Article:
## February 9, 2024

Location: Janskerkhof 2-3 , room 115In quantum mechanics, the result of a measurement is intrinsically random and induces a back-action on the measured system. The resulting law of a sequence of (indirect) measurements is a generalisation of hidden markov models. They form a weakly dense set of probability measures distinct from the set of weak Gibbs measures while still accessible through thermodynamic formalism. Motivated by physics, I am interested in understanding the large time properties of the related dynamical system. Depending on time, in this presentation I will define the probability measures involved and review some results on limit theorems (law of large numbers, central limit theorem, large deviation principle…). I will present the two main standard strategy of proof. I will then present an original approach we developed with some collaborators using sub-additivity to study the entropy production associated with the repeated measurement dynamical system. I will explain how these result can be used to formalise the hypothesis testing of the arrow of time and how it relates to out of equilibrium thermodynamics.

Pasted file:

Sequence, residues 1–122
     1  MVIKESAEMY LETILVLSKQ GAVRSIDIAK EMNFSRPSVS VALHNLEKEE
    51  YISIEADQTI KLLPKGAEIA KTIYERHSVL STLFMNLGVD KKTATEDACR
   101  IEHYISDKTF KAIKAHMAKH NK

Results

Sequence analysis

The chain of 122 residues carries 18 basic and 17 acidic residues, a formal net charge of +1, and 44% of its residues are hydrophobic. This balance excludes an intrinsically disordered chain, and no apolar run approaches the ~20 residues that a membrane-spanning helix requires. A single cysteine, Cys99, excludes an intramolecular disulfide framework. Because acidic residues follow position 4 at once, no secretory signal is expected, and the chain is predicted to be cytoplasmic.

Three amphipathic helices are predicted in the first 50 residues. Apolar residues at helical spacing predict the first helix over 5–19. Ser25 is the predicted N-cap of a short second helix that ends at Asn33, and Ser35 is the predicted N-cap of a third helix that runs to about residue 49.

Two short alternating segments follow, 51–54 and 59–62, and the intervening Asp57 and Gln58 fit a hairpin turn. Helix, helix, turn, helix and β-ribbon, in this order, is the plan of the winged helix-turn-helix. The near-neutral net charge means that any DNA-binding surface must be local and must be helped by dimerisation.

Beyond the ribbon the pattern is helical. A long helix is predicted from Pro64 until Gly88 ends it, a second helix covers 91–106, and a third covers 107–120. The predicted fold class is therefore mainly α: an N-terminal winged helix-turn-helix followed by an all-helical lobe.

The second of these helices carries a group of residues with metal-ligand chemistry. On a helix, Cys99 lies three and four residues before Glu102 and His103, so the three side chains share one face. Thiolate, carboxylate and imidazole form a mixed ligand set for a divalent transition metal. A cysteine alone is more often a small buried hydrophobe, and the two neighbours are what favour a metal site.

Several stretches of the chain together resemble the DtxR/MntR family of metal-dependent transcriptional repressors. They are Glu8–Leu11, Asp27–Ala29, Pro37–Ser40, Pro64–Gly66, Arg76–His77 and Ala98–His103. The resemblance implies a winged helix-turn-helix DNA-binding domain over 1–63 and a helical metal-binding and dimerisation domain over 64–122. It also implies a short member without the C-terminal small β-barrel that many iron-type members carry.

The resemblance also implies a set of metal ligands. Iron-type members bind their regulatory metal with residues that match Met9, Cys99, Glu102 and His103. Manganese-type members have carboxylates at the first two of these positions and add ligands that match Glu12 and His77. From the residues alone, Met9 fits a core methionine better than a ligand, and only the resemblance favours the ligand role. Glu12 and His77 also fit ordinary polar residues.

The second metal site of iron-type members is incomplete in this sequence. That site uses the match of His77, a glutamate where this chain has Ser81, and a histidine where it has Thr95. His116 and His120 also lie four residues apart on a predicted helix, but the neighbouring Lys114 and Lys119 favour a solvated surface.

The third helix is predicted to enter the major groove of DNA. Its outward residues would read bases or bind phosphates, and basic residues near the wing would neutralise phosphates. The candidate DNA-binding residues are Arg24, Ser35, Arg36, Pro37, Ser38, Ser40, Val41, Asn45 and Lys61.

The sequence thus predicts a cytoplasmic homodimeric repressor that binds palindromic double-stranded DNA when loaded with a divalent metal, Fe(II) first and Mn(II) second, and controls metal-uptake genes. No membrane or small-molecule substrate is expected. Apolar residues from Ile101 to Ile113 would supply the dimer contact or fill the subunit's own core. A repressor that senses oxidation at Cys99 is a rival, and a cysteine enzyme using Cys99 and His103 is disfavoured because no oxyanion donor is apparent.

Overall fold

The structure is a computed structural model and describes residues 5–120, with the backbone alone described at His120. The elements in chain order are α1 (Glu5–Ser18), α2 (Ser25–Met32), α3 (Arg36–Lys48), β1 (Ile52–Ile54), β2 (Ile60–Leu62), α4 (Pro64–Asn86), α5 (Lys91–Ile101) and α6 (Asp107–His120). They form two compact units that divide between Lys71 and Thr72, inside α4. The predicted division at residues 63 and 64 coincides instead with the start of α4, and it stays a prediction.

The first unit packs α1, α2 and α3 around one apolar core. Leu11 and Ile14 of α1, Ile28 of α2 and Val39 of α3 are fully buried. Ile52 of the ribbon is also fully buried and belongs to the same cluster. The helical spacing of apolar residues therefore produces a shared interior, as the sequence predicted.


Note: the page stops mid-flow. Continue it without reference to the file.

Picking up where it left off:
We study a lattice gas subject to Kawasaki dynamics at inverse temperature $\beta>0$ in a large finite box $\Lambda_\beta \subset \mathbb{Z}^2$ of size $|\Lambda_\beta| = e^{\Theta\beta}$, with $\Theta>0$. Each pair of neighbouring particles has a negative binding energy $-U<0$, while each particle has a positive activation energy $\Delta>0$. The initial configuration is drawn from the grand-canonical ensemble restricted to the set of configurations where all the droplets are subcritical. Our goal is to describe, in the metastable regime $\Delta \in (U,2U)$ and in the limit as $\beta\to\infty$, how and when the system nucleates, i.e., creates a critical droplet somewhere in $\Lambda_\beta$ that subsequently grows by absorbing particles from the surrounding gas. We will see that in a very large volume ($\Theta> 2\Delta-U$) critical droplets appear more or less independently in boxes of moderate volume ($\Theta< 2\Delta-U$), a phenomenon referred to as homogeneous nucleation. This is a joint work with Alexandre Gaudillière, Frank den Hollander, Francesca Romana Nardi, Enzo Olivieri and Elisabetta Scoppola.